Based on the precedent established by Ellison v. Anderson, 74 So.2d 680, 681 (Fla.1954) and subsequent cases, the trial court found Mr. Moore's affidavit irreconcilably inconsistent with his earlier deposition testimony without any explanation for the inconsistency, and granted Burkins Chevrolet's motion to strike Mr. Moore's affidavit. Considering the timing and content of the deposition and affidavit at issue, we find no abuse of the trial court's discretion in applying the rule set out in Ellison that “a litigant when confronted with an adverse motion for summary judgment, may not contradict or disavow prior sworn testimony with contradictory sworn affidavit testimony.” Ondo v. F. Gary Gieseke, P.A., 697 So.2d 921, 923 (Fla. 4th DCA 1997) (citations omitted).5

Our review of the summary judgment itself is de novo, “to determine whether there are genuine issues of material fact and whether the trial court properly applied the correct rule of law.” Futch v. Wal–Mart Stores, Inc., 988 So.2d 687, 690 (Fla. 1st DCA 2008). While various facts might be in dispute, the material facts depend upon the causes of action alleged in the pleadings, namely Mr. Lesnik's third amended complaint, filed September 24, 2013. Mr. Lesnik sought damages against Duval Ford on the legal theories of vicarious liability for the negligence of the subcontractor lift kit installer, direct negligence for selling the vehicle as modified and failing to warn, and strict liability for selling the vehicle as modified and failing to warn. To assert a claim for a defective product, whether the claim is for negligence or strict liability, a plaintiff must show “(1) that a defect was present in the product; (2) that it caused the injuries complained of; and (3) that it existed at the time the retailer or supplier parted possession with the product.” Cassisi v. Maytag Co., 396 So.2d 1140, 1143 (Fla. 1st DCA 1981).6

There was no evidence in the record that the lift kit was defective or improperly installed by Duval Ford's subcontractor or that it was inherently dangerous, eliminating any claim for vicarious liability against Duval Ford. The record contains no evidence of a design defect in the lifted truck when it was originally purchased from Duval Ford, eliminating any claim for negligence or strict liability against Duval Ford. Finally, Duval Ford had no duty to warn about the truck since there was no evidence that there was anything inherently dangerous about the truck when it was sold by Duval Ford. See Brito v. County of Palm Beach, 753 So.2d 109, 112 (Fla. 4th DCA 1998) (manufacturer has “a strict duty to warn of its product's dangerous propensities only in those instances where the commodity is inherently dangerous”).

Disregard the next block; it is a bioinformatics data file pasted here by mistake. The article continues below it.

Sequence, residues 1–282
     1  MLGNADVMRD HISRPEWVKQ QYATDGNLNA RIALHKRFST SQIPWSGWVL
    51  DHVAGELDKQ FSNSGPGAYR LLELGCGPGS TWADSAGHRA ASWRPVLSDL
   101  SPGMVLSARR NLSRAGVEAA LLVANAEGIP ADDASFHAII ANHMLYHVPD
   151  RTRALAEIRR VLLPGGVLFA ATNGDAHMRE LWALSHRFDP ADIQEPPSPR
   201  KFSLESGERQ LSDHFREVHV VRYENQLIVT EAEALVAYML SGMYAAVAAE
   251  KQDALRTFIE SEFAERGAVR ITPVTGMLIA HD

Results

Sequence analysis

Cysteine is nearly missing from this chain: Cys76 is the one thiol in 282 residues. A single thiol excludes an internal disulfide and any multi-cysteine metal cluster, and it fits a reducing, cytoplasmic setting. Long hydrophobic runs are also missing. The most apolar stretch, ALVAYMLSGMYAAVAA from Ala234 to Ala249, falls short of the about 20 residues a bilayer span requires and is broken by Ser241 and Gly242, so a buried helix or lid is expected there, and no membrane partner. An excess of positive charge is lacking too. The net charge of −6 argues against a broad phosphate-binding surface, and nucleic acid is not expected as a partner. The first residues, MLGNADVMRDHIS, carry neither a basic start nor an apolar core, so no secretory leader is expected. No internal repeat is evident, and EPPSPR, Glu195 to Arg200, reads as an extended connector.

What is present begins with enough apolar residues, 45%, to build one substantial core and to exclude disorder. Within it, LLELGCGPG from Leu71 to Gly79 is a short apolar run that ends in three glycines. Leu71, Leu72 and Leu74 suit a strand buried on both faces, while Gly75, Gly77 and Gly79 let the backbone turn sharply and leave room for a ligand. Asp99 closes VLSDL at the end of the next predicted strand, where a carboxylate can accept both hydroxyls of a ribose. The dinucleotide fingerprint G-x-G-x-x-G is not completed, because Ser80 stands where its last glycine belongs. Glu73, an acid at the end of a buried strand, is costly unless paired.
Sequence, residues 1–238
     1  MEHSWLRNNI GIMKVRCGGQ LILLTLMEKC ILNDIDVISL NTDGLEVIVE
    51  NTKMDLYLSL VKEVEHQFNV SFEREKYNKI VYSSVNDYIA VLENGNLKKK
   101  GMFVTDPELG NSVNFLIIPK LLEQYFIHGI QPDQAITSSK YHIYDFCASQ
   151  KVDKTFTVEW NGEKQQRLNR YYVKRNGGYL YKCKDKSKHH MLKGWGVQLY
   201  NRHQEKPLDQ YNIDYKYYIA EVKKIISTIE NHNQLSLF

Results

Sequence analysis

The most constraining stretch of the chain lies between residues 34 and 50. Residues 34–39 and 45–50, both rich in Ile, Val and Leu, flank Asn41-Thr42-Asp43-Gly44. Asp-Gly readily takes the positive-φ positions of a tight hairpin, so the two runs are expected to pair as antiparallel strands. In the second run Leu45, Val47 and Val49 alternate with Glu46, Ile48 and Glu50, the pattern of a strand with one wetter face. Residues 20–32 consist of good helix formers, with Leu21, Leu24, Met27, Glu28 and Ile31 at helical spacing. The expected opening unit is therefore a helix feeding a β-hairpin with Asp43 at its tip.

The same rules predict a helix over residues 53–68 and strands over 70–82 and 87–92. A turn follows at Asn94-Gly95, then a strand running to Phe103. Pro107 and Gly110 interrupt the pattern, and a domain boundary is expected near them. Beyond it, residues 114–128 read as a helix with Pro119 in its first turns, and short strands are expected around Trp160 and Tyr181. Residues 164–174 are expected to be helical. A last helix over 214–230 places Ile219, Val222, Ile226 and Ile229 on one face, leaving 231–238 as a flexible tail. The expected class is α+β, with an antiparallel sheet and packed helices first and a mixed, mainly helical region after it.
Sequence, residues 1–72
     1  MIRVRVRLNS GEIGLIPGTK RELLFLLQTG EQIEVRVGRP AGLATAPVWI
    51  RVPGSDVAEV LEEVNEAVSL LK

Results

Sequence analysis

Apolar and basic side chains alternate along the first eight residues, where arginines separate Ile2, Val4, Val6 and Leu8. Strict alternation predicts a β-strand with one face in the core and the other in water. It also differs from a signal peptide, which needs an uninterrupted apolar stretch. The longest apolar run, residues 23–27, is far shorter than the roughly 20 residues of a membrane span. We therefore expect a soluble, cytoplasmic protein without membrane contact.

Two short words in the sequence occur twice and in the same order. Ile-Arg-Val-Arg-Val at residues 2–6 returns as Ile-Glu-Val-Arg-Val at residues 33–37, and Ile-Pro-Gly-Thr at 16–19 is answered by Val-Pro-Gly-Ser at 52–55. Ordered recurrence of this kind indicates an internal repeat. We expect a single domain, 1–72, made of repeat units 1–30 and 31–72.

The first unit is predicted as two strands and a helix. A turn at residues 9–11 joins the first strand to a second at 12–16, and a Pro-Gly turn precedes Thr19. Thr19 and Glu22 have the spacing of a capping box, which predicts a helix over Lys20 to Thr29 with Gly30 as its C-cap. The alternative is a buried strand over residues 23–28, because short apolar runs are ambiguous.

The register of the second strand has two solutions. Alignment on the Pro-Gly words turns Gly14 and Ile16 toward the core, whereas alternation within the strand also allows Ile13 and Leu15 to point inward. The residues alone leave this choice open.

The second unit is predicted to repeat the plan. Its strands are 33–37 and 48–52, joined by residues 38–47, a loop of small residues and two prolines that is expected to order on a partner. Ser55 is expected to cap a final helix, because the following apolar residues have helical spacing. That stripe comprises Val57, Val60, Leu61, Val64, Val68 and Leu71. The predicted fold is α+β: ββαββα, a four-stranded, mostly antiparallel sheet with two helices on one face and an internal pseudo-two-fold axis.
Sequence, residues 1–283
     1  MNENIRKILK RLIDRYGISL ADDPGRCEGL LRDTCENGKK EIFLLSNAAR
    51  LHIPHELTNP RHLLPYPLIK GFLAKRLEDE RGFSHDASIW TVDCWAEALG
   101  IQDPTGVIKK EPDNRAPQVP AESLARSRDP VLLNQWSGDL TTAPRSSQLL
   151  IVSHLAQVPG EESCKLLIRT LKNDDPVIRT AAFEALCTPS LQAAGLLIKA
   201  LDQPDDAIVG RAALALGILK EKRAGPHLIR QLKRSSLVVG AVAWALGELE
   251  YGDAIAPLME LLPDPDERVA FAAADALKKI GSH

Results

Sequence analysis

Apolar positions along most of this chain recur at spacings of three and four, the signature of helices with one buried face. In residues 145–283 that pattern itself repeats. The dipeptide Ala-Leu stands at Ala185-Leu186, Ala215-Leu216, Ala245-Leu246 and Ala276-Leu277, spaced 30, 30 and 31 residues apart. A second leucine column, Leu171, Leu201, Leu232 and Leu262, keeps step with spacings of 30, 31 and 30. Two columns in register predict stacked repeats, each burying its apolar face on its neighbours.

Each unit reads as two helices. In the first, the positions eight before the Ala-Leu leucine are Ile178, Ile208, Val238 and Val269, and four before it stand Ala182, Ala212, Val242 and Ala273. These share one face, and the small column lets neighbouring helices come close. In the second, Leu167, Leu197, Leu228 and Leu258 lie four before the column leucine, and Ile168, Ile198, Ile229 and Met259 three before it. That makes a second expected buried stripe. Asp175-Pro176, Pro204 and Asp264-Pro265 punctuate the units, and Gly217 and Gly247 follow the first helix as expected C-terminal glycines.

Also in the third amended complaint, Mr. Lesnik brought a claim of negligence against Burkins Chevrolet for failing to inspect the truck and failing to warn of the risk of lifted vehicles. As to this claim, the record lacks any evidence that Burkins Chevrolet had a duty to inspect the vehicle for latent defects or that the lifted truck actually included any design defects. See Masker v. Smith, 405 So.2d 432, 434 (Fla. 5th DCA 1981) (seller of used goods is not responsible for discovering latent defects). The undisputed evidence showed that Mr. Lesnik was well aware that the truck was lifted, and in fact this modification was a factor in his decision to purchase the truck. Furthermore, the evidence was undisputed that Burkins Chevrolet was unaware of any latent defects. Burkins Chevrolet looked for patent defects in its inspection and found none. Finally, with Mr. Moore's affidavit stricken, there is no evidence that Burkins Chevrolet had a duty to warn Mr. Lesnik of any defect.

In light of the foregoing, the trial court's final summary judgment for Duval Ford and Burkins Chevrolet is affirmed.


At the risk of offending Aristotle, I disagree that an expert who has no opinion on a disputed matter when deposed, but later expresses one in an affidavit, has thereby offered “contradictory” opinions that warrant striking his entire affidavit and entering judgment against a party under the principles of Ellison v. Anderson, 74 So.2d 680, 680–81 (Fla.1954). Ellison provides a classic example of contradictory testimony by a party. The plaintiff “gave her deposition in which she practically absolved the bus driver of negligence” but later filed an affidavit in opposition to a summary judgment motion that “repudiate[d] a portion of her previous deposition, by alleging that the bus driver did nothing to avoid the accident.” Id. Because the plaintiff offered an opinion, but later directly contradicted it, the supreme court said “that a party when met by a Motion for Summary Judgment should not be permitted by his own affidavit, or by that of another, to baldly repudiate his previous deposition so as to create a jury issue, especially when no attempt is made to excuse or explain the discrepancy.” Id. at 681. Notably, the supreme court reversed the summary judgment because the plaintiff had provided the “affidavit of the driver of the other vehicle” that raised an issue as to the “speed of the bus under the existing circumstances.” Id.

In contrast to Ellison, the expert at issue in this case, Mr. Moore, offered no opinion in his deposition that he later contradicted. When asked generally if he had an opinion as to whether Burkins Chevrolet's conduct was the cause of injury to Mr. Lesnik, he said he did not. No inquiry was made, or stipulation agreed upon, that would foreclose Mr. Moore from offering an opinion on the topic at a later time. Indeed, when asked whether he had “any opinions, as you sit here today, that any conduct of Mr. Burkins and Burkins Chevrolet contributed to the accident involving Mr. Lesnik?” he simply did not have one to offer at that time. (Emphasis added). He also had no opinion when asked whether lifted trucks “should not be sold to the consuming public.”